New Year’s Resolution

By Dan Stanton

As I write this, it is that special time, smack-dab between Christmas and New Year’s, that I always use for reflection on the year that was, and for doing some contemplative planning and goal-setting for the year ahead.

When I turn my focus to AzLA it becomes obvious that an engaged membership is the most powerful resource we have, and where we were able to tap into that potential, we did amazing things.  We are a work in progress, and each member has a role to play in making AzLA the association we want it to be.

In terms of reflection, for me first and foremost is recognition and gratitude for the members who stepped up and contributed not only to the big events and projects, but to the day-to-day operations and the under-the-radar activities such as meetings and communications that keep things moving along.  I thank you for taking a chance by putting yourself out there, being more involved, and giving your time and effort to your association and your Arizona Library colleagues.  Aside from a few key contracted positions (who themselves deserve our thanks for their efforts!) we are an association of volunteers trying to do our best despite sometimes vague definition/direction and amidst the priorities of work, family, and life in general. If we communicate and respect each other we will continue to successfully move things along going forward.

The missions and challenges of libraries in Arizona are incredibly diverse, and while I have learned a great deal this past year through interaction and discussion, I’ve yet to hear anyone say they are satisfied with the status quo and that there isn’t more that can be done. What is consistently at high levels is the dedication and effort of library staff across the board to provide quality resources and services to the customers/clients/patrons we serve.  This diversity and dedication is gold if we can tap into it for sharing amongst a group of like-minded practitioners.

In terms of planning and goal-setting for 2015, I’m asking everyone to step up their commitment to AzLA.  Not everyone needs to run for an AzLA Office, but you surely can contribute by encouraging the good people you workwith to run for AzLA Office.  Not everyone needs to volunteer for a Committee or lead a Division or Interest Group, but you surely can contribute by sharing quality resources and information via the AzLA Newsletter, listservs, or social media options we have available, and/or responding to information shared with you by others so your voice is heard and you are enriching the conversation.  Not everyone needs to present at Conference, but you surely can contribute by sharing information about good speakers you’ve seen and topics that need addressing, or by volunteering for a couple of hours on-site at Conference to make sure things run smoothly.  Not everyone needs to be intimately involved in AzLA activities, but if you have good staff that are interested, you surely can contribute by allowing them to participate at a higher level.  Not everyone can be an award-winning superstar, but you surely can contribute by nominating folks who have quietly dedicated themselves to outstanding library service or have shown creativity in addressing an issue.  And finally, not everyone needs to be intimately involved with legislation affecting libraries, but you surely can contribute by being aware of the issues and communicating with your representatives when the situation calls for it.  I don’t think any of these are too demanding, and they are extremely helpful.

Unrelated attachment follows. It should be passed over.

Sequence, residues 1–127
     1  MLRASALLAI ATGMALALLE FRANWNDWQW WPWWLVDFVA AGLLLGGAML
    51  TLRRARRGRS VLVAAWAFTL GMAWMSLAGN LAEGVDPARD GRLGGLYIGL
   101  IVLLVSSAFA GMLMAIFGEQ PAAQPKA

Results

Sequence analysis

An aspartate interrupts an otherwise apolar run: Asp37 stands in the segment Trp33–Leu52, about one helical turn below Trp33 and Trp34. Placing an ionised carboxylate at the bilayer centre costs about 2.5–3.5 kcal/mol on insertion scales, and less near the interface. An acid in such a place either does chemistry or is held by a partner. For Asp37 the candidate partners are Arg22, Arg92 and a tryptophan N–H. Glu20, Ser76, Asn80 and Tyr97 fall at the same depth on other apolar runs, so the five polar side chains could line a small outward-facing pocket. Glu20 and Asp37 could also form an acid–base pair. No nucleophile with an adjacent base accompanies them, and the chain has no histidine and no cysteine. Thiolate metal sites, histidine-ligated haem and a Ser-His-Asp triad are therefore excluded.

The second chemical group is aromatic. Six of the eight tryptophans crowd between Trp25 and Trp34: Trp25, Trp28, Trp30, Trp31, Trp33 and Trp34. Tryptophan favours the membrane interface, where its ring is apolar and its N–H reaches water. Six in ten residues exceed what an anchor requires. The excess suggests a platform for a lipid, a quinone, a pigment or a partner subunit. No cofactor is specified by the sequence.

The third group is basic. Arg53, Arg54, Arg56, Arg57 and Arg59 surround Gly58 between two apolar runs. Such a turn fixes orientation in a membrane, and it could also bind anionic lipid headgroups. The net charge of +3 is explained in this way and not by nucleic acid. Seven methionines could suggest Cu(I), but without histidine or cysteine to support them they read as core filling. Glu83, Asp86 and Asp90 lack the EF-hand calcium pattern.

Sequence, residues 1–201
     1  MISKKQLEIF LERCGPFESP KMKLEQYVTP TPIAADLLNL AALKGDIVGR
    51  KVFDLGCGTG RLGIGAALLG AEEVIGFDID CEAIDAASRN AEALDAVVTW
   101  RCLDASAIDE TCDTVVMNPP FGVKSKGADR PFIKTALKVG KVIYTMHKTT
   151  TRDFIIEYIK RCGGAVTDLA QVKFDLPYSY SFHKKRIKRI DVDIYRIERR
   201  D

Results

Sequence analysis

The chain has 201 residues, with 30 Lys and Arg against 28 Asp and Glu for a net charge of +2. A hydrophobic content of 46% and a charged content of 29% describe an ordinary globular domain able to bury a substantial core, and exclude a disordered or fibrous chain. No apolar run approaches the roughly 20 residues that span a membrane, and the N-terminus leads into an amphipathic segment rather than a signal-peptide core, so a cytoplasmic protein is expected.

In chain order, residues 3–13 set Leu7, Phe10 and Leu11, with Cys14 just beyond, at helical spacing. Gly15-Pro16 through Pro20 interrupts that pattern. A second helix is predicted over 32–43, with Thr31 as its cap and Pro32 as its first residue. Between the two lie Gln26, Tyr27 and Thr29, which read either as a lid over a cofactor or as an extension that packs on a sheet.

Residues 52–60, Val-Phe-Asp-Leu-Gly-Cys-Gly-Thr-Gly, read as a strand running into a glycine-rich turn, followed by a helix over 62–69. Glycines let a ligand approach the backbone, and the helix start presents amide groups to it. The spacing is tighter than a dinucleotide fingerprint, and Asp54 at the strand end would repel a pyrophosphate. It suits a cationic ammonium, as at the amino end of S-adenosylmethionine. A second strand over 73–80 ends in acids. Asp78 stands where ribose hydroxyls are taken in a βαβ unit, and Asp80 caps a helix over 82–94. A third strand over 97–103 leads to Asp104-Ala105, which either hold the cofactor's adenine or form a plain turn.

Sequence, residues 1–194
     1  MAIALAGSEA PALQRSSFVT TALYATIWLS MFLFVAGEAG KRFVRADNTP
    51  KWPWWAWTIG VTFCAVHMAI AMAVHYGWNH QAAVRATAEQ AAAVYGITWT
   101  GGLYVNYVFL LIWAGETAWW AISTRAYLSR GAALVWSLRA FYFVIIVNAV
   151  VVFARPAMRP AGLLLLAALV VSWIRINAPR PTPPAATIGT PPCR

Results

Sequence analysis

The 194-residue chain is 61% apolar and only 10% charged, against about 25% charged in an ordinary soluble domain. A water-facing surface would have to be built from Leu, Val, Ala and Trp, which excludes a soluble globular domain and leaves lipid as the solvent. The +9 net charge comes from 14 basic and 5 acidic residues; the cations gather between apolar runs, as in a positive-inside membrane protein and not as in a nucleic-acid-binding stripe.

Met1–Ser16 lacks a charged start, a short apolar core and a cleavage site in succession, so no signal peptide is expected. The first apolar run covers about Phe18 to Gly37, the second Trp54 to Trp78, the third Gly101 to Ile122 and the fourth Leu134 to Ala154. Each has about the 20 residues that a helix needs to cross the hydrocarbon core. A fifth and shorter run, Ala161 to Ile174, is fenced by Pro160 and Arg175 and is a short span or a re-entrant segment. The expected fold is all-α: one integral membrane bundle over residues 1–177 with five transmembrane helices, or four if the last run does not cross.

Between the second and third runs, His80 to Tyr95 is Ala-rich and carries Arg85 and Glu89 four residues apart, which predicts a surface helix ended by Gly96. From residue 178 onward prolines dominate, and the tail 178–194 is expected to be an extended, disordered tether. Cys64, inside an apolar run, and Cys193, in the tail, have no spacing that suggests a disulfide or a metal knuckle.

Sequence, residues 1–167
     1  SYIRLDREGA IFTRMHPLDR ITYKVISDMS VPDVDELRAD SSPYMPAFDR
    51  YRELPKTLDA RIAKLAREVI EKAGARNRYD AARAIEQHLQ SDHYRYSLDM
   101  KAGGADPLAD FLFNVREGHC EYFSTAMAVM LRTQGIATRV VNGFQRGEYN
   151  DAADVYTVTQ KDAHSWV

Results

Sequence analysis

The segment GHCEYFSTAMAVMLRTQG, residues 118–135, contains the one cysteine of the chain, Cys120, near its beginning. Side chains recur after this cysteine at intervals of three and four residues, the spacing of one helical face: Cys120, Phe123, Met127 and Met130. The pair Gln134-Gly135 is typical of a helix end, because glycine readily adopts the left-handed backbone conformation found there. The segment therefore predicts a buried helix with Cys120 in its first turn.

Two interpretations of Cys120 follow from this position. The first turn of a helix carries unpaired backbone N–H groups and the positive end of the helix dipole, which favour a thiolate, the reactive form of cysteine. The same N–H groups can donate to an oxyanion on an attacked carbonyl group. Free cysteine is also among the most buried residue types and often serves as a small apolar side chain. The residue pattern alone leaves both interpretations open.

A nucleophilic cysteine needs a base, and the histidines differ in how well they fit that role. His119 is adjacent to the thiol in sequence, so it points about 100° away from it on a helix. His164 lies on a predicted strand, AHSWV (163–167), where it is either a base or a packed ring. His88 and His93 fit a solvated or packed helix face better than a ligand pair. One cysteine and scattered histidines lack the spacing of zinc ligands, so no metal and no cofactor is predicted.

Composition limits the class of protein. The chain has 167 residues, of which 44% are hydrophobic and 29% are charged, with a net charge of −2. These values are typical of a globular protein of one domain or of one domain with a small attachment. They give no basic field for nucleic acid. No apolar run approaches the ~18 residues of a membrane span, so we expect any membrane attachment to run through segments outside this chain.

In closing I’d like to share a resource that I came across while checking out our current Content Management System, yourmembership.com.  It is a brief, provocative list entitled, The Ideal Member, and I would be grateful if you could adapt it for AzLA, and keep it in mind for 2015:

I pledge that I will be an ideal member by:

  • Investing time to help fulfill the mission
  • Taking advantage of the opportunities and programs to better my organization and myself.
  • Staying informed about available resources and by reading the association’s materials.
  • Volunteering my unique knowledge, resources and experience to the organization; and knowing when I’m too busy to be a volunteer.
  • Promoting the association to others in my industry/profession, so as to expand the power of unity.
  • Keeping contact information current to enable the association to fully utilize my membership for the common good.
  • Promoting the highest principles in the profession/industry.
  • Treating staff with professional respect; recognizing that paying dues does not make them my employee.
  • Respecting the volunteer leaders for their contributions — even if I might not agree.
  • Maintaining professional, transparent, collegial relationships with fellow members.
  • Offering timely input on issues and public policy development, including responding to calls for action and surveys.
  • Supporting the grassroots advocacy efforts with my time and dollars.
  • Understanding and participating in elections and governance opportunities.
  • Ensuring that dues renewal is a part of the culture and budget of my organization.
  • Recognizing that the members are the association—it is not something separate from us, or a business from which we buy services—and that without our investment and participation the advancements cannot be achieved.

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